High rotational speeds for brushless DC motors often will be limited only by the mechanical integrity of the rotor construction, speed-related internal losses, and bearing selection. Speeds in excess of 10,000 rpm (and even much higher) are possible (with appropriate designs) and speeds below 1,000 rpm can be handled with a gearbox or directly, depending on drive capabilities.

Because of their high pole count, hybrid steppers are generally selected for low-speed operation, usually below 1,000 rpm. Usable torque begins to drop off quickly in this range, although specifying a low impedance winding may slightly increase the maximum speed. Notable benefits: Torque capability is quite high at low speeds and steppers further can tolerate operation at multiple speeds through wide ranges.

Efficiency Gearboxes and brush-and-contact resistance can lower the efficiency of brush DC motors. Improvements may be gained from ironless motor construction and precious metal brushes, although subsequent tradeoffs in power density and life can be expected.
Gearboxes and drive electronics will likewise decrease efficiency in brushless DC motors, although slotless construction techniques can help compensate by reducing cogging, hysteresis, and viscous losses.

Hybrid steppers represent the least efficient among these motor types, because of continuous current draw.

Holding Torque Capability Whether brush or brushless, an unenergized motor’s ability to hold a load will depend on its cogging and friction torque, which usually are low. Holding capacity can be increased using a gear reducer to amplify the holding torque reflected to the load. For superior holding capacity installation of brakes is recommended.

An unenergized hybrid stepper’s ability to hold a load depends on its detent torque, which is similarly low. But since step motors are designed to operate continuously at  full current, they can produce high holding torques indefinitely.

Susceptibility to Position Loss Brush and brushless DC motors applied to positioning applications exhibit low susceptibility to position loss, which can be attributed to feedback devices in a closed loop servo system. By contrast, hybrid steppers typically will be applied in  an open loop system without a feedback device, rendering them susceptible to position loss. A solution: Specify an encoder for applications demanding position verification.

Audible Noise Primary sources of audible noise in brush DC motors can include armature imbalance, bearings, and brushes yielding moderate overall noise levels. Primary sources in brushless DC motors include rotor imbalance and bearings for lower overall noise levels. (Noise in both motor types increases when a gearbox is introduced.) Solutions such as rotor balancing and appropriate bearing and brush material selection can be employed to reduce noise.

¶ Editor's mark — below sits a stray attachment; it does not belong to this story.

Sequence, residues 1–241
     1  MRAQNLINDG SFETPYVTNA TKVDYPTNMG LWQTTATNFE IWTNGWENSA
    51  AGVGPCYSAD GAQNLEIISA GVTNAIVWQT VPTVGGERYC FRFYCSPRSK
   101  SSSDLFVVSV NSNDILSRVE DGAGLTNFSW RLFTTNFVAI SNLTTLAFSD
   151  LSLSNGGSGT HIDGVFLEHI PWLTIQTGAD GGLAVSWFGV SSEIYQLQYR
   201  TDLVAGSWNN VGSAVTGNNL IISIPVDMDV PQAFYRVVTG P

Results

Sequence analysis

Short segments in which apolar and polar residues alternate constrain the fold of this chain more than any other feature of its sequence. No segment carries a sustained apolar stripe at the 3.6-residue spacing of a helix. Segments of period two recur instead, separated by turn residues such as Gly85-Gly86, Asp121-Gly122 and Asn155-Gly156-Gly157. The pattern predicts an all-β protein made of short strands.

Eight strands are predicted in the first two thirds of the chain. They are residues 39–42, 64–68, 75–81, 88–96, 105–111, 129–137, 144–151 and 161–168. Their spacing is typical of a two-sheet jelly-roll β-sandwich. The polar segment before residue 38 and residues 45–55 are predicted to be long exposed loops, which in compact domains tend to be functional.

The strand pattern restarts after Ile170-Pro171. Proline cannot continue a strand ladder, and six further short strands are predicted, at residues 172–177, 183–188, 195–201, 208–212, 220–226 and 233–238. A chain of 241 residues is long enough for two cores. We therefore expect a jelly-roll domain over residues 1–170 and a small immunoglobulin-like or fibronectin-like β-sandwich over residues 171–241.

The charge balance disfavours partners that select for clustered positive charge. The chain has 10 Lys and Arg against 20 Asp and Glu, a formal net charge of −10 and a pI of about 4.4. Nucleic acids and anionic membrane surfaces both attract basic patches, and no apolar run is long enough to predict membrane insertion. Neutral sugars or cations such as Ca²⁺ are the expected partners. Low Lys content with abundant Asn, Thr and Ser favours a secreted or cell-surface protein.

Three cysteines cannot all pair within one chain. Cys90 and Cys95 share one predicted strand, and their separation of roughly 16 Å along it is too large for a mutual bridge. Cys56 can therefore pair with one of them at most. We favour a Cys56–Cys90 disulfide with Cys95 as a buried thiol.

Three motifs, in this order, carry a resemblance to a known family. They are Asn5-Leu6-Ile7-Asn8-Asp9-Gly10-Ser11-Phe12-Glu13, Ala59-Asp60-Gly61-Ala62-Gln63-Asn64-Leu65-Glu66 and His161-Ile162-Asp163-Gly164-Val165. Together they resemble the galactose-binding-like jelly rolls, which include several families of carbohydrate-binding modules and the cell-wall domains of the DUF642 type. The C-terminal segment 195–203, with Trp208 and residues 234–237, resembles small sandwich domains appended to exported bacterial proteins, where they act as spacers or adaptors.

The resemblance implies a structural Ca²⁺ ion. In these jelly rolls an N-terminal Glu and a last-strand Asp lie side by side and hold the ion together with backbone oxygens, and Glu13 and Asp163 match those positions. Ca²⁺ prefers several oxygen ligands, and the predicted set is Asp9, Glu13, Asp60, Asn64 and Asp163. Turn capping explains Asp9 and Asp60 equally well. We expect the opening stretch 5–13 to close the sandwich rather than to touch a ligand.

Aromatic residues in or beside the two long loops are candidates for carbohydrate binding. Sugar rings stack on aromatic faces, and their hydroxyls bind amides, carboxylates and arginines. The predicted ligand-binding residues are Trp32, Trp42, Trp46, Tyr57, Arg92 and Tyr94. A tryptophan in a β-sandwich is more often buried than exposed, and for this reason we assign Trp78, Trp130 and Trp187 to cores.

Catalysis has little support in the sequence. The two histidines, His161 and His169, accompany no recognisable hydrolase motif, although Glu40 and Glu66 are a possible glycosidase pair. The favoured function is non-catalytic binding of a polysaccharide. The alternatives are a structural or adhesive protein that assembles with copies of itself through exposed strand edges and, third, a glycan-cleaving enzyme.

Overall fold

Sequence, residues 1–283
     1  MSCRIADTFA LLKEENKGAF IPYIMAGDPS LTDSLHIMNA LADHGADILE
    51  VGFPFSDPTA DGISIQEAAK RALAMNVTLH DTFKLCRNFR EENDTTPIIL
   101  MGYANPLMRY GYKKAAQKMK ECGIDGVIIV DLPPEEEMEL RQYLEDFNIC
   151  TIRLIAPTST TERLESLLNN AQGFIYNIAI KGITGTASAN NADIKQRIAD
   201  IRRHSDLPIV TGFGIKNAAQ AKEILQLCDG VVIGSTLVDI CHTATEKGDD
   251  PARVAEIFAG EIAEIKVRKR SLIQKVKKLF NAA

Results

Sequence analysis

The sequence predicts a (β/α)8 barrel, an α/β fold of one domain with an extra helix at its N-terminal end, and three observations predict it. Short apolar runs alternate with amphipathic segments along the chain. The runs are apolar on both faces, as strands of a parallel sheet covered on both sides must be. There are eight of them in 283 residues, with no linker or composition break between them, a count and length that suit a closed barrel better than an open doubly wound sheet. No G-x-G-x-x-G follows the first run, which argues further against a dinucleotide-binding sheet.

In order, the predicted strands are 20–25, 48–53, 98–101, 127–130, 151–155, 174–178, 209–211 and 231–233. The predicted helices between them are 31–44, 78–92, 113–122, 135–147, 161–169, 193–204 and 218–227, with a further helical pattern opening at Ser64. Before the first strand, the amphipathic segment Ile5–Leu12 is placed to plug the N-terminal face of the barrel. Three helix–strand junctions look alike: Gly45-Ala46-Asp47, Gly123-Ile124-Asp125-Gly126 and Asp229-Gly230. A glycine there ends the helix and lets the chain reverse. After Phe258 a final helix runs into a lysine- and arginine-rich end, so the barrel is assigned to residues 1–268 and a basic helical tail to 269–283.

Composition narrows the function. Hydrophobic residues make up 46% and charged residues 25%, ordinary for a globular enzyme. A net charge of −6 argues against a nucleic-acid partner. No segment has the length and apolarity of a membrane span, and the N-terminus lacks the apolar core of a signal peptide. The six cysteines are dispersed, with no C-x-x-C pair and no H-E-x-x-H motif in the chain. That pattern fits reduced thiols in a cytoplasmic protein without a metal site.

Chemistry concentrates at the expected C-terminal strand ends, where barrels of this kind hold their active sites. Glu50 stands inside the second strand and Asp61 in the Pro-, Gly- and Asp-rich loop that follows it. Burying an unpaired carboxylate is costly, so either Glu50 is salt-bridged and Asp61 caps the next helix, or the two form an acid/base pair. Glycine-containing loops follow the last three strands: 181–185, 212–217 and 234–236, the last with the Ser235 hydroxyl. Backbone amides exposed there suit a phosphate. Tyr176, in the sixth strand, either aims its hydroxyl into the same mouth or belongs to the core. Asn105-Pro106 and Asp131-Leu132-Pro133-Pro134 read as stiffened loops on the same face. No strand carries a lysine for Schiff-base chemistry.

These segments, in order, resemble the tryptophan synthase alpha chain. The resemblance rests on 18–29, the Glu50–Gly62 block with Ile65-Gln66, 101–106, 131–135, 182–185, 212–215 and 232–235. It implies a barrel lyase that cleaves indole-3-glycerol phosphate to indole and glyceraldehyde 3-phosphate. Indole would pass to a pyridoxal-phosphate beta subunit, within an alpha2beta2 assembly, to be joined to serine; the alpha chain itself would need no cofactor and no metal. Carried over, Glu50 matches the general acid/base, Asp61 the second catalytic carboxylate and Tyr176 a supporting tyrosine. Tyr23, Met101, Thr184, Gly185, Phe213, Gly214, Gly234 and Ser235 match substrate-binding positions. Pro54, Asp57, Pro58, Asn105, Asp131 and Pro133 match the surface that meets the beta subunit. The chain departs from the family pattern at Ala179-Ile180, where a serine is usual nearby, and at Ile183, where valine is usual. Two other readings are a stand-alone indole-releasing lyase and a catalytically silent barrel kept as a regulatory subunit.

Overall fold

In hybrid steppers audible noise arises from vibration (caused by resonances) and bearings to create low to high overall noise levels. These levels can be improved by avoiding operating speeds that lead to resonances or instabilities and introducing alternate drive schemes (such as microstepping).

Electrical Noise For brushless DC and hybrid stepper motors less electrical noise is generated compared with brush DC motors, due to the nature of the mechanical commutation system in brush motors. Noise can  be mitigated in brush types by adding suppression devices and filters and appropriately selecting brush materials.

Life Expectancy In general, brushless and hybrid stepper motors will serve much longer than brush-commutated DC motor types. (This represents one of the greatest practical advantages for these motor types.)

Life expectancy for brush-commutated DC motors is limited primarily by the life of the brushes, bearings, and gearbox. Life expectancies in the range of 2,000 to 5,000 hours of operation are common (although actual service life can vary greatly, depending on the motor design and operating current, voltage, speed, and other conditions).
For brushless DC and hybrid stepper motors life expectancies rise much higher (in excess of 10,000 hours) and will be limited essentially by bearing life and related radial and axial loads, temperature, and environment.

Ease of Integration Brush DC motors are relatively simple to engineer into an application, in part because commutation is performed mechanically without requiring additional components. These motor types can be driven directly by a DC power supply, including a battery, and more advanced drive and control schemes can be integrated for functionality beyond basic operation.

Applying brushless DC and hybrid stepper motors can be somewhat more complex. Drive electronics for electronic commutation will be required for both types, although “onboard” solutions can help simplify the job for system designers.

With all the many selection factors to consider and particular application requirements to satisfy, we recommend this course of action: Partner with an experienced engineering resource. The expertise can help point the way, remove doubts, and enable a motor’s full potential to be realized.